That time of year thou mayst in me behold

Okay so Shakespeare was referring to advanced age in this sonnet, but in this post, I’m referring to Christmas, and to the aspects of Christmas to which I find myself irresistibly attracted when I have a chance to enjoy them. I’m wearing little Christmas tree earrings today and have worn a splash of red every day for the past week or so. There’s a lovely scent of fruit, cinnamon and cloves wafting from my kitchen as my two basin plum puddings happily boil away on the stove. Whilst I could do without the pubescent girls at the shopping centre, barking Christmas carols about holy signs, whilst wearing crop tops and uber-mini skirts that are probably better suited to street walking, the more traditional carols from children’s choirs, or even the old Sinatra and Bing Crosby songs do provide a touch of class.

I really do love Christmas, and whilst this year will hold a degree of sadness, because I won’t be spending it with my Mum & brother, I do intend to enjoy the simple pleasures of Christmas this year on my own here in Brisbane. So you will have to excuse me if you are an anti-Christmas type. I do intend to enjoy every moment of my Christmas traditions.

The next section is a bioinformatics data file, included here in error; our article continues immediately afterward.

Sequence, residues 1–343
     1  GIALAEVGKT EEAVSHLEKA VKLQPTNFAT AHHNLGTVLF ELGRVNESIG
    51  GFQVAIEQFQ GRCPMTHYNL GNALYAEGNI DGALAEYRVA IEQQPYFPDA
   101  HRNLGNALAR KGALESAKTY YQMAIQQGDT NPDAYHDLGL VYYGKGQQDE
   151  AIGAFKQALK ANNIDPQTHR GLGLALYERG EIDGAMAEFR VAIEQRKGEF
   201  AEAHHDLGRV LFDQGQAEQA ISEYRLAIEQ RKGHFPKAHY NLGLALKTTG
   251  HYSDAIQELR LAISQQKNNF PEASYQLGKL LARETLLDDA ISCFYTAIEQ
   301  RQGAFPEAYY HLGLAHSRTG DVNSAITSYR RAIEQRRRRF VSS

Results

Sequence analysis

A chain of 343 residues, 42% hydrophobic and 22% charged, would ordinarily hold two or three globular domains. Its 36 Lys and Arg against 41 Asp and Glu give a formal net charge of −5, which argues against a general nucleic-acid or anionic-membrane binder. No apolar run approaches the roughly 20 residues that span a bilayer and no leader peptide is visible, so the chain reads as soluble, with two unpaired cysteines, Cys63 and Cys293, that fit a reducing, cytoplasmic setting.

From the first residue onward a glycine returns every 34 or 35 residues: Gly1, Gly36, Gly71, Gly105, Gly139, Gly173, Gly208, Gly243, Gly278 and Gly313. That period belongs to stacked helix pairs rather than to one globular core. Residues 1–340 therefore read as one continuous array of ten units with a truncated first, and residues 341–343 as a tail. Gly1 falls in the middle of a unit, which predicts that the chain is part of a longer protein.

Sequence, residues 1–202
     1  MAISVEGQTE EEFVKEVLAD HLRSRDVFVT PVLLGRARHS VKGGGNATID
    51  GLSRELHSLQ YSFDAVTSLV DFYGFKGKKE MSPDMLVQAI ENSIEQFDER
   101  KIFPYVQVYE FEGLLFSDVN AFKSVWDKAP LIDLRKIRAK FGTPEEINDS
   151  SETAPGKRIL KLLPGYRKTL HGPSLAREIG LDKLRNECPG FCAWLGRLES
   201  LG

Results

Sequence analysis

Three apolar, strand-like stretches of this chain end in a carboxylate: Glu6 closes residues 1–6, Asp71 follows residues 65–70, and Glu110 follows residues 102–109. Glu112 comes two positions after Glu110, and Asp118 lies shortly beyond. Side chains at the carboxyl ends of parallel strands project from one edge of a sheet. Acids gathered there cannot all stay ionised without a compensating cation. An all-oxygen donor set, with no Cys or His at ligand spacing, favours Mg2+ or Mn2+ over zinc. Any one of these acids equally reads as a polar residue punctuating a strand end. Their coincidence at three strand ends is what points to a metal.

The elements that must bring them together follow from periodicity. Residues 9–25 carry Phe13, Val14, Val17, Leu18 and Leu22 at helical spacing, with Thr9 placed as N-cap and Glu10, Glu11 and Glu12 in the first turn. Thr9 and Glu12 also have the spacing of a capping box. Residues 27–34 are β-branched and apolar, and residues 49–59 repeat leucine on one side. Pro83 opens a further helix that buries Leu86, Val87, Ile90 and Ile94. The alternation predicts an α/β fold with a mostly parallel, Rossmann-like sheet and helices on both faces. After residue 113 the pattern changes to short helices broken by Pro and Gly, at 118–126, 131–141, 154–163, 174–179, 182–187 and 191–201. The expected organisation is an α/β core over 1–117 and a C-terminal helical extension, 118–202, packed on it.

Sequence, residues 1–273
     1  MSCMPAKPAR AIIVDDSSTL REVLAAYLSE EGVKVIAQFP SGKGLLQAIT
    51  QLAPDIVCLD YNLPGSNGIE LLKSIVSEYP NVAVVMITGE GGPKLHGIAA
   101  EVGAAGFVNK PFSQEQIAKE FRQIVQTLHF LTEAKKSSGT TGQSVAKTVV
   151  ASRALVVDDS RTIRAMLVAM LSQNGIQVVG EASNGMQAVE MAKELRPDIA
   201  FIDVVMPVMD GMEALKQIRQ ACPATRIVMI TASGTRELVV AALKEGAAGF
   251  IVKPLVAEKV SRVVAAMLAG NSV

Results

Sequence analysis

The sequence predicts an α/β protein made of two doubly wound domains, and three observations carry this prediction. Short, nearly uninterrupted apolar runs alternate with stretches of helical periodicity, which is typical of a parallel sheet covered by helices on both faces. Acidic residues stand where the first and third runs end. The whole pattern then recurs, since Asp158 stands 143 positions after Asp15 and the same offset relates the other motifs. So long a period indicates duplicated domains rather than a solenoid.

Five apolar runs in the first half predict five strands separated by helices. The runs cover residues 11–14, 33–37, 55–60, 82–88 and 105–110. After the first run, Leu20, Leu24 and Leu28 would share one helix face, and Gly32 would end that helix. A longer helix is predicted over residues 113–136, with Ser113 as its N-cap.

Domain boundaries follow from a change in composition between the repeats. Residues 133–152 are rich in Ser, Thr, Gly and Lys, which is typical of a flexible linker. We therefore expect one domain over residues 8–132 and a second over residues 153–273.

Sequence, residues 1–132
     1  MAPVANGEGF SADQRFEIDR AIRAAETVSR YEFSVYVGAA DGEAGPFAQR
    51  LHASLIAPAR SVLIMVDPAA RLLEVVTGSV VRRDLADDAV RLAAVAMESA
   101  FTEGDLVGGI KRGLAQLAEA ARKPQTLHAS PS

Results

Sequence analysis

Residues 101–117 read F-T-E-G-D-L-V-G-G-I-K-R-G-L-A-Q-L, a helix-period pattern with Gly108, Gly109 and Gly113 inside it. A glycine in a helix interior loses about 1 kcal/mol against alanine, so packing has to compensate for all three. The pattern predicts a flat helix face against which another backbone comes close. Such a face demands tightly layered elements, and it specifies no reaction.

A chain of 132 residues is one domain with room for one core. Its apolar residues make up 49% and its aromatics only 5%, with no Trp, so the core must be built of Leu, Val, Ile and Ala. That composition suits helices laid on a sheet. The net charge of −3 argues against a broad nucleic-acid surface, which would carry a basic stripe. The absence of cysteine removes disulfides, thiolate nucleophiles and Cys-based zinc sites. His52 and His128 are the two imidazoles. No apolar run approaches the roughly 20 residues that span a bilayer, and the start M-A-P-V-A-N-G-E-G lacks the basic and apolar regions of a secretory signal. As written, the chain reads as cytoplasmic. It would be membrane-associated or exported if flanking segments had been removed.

Having said that, I’d like to point out here, that the fact that it’s called “Christmas” doesn’t mean I actually am terribly religious. Indeed, I find it highly amusing when Christians talk about the “true meaning” of Christmas. Christmas, in my humble opinion, is just the current tag given to a time of year that across dozens of religions and cultural groups, holds special meaning. And our current traditions – from the Christmas tree, to kissing under the mistletoe, to decorations and gifts, and to the Christmas feast itself – are all MUCH older and much more meaningful than anything that happened to have occurred a couple of thousand years ago.

In the northern hemisphere, the mid-winter festival (Yuletide), Saturnalia and several other cultural festivals were celebrated to denote the ending of one year of agrarian production, and the beginning of a new year. Primarily because of the bitter weather, families and friends came together to give thanks for the harvest, and in the spirit of peace and reflection for the year ahead. Now, thousands of years later, we have mostly-forgotten memories of symbols and traditions that somehow keep reappearing, and that we still observe and enjoy. Some are subsumed by other religious holidays, some survive in spite of any rational reason for their survival.

Perhaps as a race, we have a degree of sameness that is just charmed by the magic of a vividly lit pine tree, nestling in a corner of our homes, and whispering secrets of gifts, tantalisingly bright at its base. Or, perhaps there is a higher reason for the survival of these traditions, beyond our understanding. Either way, I just love the fact that they do survive, and I plan to observe and reflect on these traditions as I spend a very quiet and very personal Christmas here in sunny Brisbane.

A very happy and peaceful Christmas to you all.

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